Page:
Boost Your Job Application’s Wow Power

By Lily Whiteman, author of “How to Land a Top-Paying Federal Job”; trainer on career issues; twitter: @Lilymwhiteman


Most comprehensive job-hunting instructs job-seekers to quantify achievements described in their resumes and cover letters—but fails to explain the “why” or “how” of doing so.  So here is some quick, easy guidance on the topic that will help you ace your job application.

Why Numbers Impress

The first principle of quantification is that, with a little thought and creativity, you can probably quantify your achievements no matter what field you’re in–even if you’re not in a math-oriented field.

Quantifying is a powerful strategy because descriptions of achievements that are supported by statistics, measurements, counts and other metrics sound scientific, indisputable and objective (whether or not they really are).  Therefore, they sound credible.  In addition, hard numbers and other specifics give your achievements weight and heft, and so underscore their massiveness and impact.

By contrast, vague claims of achievements that are unsupported by statistics, measurements, counts and other metrics or other hard evidence of success are more likely to sound like baseless (and boring), self-serving exaggerations.

How to Quantify Your Achievements

When you consider how to quantify your achievements, start by thinking in terms of:

  • MONEY:   How big is the budget you manage, and did you help increase it? How much money have you saved your organization, generated or fundraised for it?   What is the total dollar value of the contracts, grants, or accounts you manage or approve, or the products you procure or protect?  Did you increase sales or production for your organization? How have you contributed to resource allocation? What efficiency-boosting measures have you suggested or implemented?
  • TIME: How many years of experience do you have? What tight or ever-changing deadlines did you meet or beat. How many work products (such as publications, reports, press releases, events or audits) do you regularly produce in a particular time period (such as per week, month or year) or have you produced during your career? Have you streamlined or automated procedures, cut red tape, or otherwise made it easier or faster for internal or external groups to access information or other important resources?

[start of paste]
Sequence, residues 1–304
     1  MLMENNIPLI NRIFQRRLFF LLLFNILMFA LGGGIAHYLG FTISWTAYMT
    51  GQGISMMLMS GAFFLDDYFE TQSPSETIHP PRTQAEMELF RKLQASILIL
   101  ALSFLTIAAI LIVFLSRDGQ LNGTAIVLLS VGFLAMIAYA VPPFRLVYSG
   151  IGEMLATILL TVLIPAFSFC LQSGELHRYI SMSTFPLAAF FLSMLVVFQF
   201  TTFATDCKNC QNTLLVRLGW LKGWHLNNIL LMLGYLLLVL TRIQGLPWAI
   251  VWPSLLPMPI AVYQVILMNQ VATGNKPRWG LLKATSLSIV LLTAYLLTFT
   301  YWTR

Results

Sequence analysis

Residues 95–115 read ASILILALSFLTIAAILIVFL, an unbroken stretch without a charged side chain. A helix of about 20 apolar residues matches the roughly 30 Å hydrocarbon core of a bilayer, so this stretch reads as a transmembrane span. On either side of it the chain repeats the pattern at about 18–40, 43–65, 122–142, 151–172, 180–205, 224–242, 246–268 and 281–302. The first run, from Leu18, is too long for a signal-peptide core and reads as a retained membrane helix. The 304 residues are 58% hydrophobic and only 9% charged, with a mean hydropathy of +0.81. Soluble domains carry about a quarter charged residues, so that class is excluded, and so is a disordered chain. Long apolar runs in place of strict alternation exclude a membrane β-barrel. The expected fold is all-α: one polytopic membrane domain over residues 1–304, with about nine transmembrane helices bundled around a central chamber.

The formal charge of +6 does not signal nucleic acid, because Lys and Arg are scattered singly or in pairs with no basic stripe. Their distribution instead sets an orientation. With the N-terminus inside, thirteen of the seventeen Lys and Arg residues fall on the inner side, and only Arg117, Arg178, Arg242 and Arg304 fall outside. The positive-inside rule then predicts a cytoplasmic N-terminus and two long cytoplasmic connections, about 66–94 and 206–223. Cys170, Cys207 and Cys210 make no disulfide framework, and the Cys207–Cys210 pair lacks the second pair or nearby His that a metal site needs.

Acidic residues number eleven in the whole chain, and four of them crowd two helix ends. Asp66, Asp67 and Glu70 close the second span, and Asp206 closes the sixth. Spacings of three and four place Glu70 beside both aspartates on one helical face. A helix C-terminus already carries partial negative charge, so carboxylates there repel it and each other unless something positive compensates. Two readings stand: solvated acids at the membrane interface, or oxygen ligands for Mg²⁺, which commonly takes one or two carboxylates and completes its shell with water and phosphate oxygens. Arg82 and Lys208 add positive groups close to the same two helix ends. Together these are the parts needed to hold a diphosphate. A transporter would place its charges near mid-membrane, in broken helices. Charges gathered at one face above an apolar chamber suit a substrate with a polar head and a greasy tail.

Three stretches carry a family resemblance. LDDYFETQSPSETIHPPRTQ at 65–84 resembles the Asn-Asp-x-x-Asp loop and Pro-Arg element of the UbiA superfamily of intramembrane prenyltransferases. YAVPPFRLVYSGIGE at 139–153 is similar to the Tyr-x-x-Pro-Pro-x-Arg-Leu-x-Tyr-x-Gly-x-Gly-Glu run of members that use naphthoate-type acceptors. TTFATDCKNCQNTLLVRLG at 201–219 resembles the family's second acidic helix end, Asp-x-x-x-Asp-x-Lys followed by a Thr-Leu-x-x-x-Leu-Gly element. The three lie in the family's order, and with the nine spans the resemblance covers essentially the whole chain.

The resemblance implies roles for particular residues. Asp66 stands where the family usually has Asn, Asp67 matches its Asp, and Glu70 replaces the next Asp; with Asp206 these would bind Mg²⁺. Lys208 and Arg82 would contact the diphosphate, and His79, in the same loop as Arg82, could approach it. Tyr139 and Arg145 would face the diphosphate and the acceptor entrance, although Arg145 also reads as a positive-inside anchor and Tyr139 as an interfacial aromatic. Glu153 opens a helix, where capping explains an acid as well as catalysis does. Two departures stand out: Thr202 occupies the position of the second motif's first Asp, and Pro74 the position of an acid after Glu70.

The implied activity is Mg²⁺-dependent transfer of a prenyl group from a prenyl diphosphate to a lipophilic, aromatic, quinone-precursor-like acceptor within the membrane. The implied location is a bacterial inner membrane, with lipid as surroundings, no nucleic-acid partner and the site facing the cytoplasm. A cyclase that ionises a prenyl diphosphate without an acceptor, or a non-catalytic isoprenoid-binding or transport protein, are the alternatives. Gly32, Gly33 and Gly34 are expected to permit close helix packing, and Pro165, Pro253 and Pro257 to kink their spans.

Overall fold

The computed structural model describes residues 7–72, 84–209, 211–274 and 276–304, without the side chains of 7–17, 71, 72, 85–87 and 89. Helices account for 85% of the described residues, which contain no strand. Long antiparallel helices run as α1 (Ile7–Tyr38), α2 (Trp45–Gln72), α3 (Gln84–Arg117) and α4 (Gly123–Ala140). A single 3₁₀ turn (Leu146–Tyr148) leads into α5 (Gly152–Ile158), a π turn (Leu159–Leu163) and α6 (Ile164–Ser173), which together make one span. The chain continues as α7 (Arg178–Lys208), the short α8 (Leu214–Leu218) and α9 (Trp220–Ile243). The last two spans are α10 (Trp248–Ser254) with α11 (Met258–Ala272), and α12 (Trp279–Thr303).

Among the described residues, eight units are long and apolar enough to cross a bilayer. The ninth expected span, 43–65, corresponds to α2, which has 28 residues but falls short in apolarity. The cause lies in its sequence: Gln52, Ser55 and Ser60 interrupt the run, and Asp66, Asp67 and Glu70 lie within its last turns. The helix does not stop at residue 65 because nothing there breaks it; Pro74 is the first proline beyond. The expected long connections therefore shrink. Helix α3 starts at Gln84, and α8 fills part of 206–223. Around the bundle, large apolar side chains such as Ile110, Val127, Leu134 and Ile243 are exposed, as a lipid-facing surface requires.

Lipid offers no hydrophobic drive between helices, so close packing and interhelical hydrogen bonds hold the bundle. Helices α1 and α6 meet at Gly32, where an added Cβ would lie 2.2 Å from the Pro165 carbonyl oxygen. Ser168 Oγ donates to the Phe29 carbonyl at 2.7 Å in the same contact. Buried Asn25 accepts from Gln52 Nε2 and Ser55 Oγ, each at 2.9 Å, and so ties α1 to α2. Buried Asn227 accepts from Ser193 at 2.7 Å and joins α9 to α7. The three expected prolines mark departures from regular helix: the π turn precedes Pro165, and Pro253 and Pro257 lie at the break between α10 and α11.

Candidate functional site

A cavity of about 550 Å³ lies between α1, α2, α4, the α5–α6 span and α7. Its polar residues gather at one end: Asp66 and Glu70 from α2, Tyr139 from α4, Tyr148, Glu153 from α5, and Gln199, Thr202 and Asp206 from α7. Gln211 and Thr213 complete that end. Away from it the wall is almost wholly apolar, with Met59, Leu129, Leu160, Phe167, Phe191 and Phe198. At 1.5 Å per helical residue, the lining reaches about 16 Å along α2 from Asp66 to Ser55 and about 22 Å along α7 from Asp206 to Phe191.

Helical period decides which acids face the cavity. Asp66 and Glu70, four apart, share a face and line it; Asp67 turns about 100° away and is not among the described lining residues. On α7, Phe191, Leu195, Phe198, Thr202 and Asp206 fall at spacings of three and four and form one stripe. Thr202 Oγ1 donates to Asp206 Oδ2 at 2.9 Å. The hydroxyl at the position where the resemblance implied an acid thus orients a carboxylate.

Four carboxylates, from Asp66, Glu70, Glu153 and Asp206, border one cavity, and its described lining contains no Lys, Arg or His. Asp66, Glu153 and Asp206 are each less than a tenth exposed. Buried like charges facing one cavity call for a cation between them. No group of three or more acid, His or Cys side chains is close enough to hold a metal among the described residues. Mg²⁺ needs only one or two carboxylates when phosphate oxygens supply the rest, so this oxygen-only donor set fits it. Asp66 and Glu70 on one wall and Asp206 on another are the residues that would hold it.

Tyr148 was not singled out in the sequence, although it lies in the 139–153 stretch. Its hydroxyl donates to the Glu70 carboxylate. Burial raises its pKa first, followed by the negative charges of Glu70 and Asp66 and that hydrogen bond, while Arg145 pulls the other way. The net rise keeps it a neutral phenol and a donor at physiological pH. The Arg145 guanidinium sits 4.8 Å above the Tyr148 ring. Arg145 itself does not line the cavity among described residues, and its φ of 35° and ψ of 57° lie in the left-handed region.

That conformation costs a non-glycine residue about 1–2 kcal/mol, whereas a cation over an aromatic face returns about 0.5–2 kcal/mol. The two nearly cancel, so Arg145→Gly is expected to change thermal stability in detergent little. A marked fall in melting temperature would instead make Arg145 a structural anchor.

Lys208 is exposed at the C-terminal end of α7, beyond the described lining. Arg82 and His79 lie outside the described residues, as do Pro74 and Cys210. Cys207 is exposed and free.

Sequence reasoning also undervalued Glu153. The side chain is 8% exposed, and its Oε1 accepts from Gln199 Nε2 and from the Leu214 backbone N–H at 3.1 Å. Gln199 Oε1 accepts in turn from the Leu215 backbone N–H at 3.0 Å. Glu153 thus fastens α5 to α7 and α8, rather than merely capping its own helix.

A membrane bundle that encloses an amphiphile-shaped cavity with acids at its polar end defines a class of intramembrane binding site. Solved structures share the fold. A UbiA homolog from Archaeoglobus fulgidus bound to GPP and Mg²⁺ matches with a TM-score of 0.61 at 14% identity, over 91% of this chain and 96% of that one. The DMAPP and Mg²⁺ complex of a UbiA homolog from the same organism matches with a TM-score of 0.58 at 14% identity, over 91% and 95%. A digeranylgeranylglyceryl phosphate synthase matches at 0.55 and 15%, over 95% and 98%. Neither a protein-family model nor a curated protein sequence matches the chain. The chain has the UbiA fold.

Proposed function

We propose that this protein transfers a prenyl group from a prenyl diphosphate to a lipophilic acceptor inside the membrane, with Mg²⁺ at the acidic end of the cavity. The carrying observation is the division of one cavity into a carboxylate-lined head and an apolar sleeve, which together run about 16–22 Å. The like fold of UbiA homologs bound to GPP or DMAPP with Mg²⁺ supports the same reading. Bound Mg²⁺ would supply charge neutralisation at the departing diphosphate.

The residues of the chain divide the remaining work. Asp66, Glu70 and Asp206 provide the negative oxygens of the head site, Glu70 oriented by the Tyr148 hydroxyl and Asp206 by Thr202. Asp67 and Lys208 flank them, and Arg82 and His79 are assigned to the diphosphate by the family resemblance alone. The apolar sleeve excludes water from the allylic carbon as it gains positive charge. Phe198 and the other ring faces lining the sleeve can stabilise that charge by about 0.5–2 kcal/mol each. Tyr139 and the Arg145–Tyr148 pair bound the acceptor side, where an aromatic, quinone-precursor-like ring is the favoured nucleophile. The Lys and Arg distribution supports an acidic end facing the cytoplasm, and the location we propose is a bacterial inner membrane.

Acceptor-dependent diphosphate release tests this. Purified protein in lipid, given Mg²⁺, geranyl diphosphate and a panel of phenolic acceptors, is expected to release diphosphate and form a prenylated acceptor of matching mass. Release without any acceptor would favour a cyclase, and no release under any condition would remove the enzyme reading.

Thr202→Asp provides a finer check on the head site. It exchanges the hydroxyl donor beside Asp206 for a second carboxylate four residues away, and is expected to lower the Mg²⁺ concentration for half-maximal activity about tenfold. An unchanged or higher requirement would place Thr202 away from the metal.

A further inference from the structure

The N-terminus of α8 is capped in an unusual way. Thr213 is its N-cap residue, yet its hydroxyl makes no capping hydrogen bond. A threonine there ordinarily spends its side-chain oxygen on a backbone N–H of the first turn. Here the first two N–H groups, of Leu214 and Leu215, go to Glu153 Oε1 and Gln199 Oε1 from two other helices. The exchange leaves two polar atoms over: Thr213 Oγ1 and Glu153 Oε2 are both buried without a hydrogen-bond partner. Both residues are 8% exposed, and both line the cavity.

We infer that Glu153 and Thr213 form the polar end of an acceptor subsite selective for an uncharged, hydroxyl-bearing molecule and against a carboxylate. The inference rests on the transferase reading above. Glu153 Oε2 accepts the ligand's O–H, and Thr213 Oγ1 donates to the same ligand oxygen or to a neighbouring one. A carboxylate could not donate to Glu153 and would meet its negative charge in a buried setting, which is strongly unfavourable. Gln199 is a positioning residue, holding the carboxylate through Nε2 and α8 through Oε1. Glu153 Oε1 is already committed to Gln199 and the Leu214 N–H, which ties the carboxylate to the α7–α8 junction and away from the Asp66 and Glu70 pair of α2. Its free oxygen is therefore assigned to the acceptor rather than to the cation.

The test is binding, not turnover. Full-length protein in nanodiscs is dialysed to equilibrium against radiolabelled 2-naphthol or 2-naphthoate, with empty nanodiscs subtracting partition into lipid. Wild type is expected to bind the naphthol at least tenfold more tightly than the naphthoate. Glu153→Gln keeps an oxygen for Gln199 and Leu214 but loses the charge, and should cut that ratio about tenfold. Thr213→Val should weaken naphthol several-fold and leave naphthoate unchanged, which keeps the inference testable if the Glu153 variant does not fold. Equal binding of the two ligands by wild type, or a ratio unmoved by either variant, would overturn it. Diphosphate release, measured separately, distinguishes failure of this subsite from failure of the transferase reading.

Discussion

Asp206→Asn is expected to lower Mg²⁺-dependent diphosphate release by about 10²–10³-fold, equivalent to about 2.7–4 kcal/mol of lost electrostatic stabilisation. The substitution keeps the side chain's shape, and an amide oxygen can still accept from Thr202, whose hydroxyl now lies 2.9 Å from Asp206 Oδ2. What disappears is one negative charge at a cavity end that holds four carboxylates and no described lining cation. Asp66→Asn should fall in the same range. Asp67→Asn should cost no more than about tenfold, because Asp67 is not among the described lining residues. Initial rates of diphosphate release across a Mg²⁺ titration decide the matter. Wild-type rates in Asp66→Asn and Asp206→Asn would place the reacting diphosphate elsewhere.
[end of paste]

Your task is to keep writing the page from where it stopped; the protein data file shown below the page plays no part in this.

• PEOPLE: How many people do you manage or support? How many managers or staffers, associations, members of the public or another group use, benefit or are impacted by your work, such as a regulation or another resource you helped produce? How many people have you recruited, or can you cite a statistic that shows you have reduced turnover? How big is the reach of materials (including online materials) that you produce, or how much have you increased their reach? How many people have you trained? How many people attended a cyber or in-person event, conference, training or other event that you organized or led, and were any attendees particularly important? What positive feedback did you receive from attendees in evaluations, oral comments, emails or other formats?
  • PRECEDENT: Do any of your achievements rank as precedent-setting, the first, the fastest, the biggest, the most, the best, the strongest, nearly so, or in the top tier?   Remember: You don’t have to be the first climber to top a Himalayan mountain to have rightfully bagged a braggable “first”, record or superlative. You should, for example, brandish your role in creating a new website, developing new trainings, creating a trailblazing employee reward system, or completing an audit or report in record time—or even creating a new online filing system.
  • GEOGRAPHY: How many (and which) countries or how much geographic territory or how many offices does your jurisdiction cover? How many facilities or how much office space do you manage?

When in Doubt: Estimate

  • When you can’t cite an exact number, estimate figures, and use phrases, such as “dozens of…” “a significant increase in”…” or “more than 100…”
  • Use creative (but honest) accounting. For example, a federal attorney was recently asked about her supervisory experience in her application for a managerial position. But because she had only been supervising three professionals at the time, she did not cite that relatively small figure. Instead, she stated that during her 15 years as a supervisor, she had supervised dozens of professionals. Plus, she also quoted some of the praise she had received from her staffers in their good-bye cards to her when she left one of her supervisory jobs.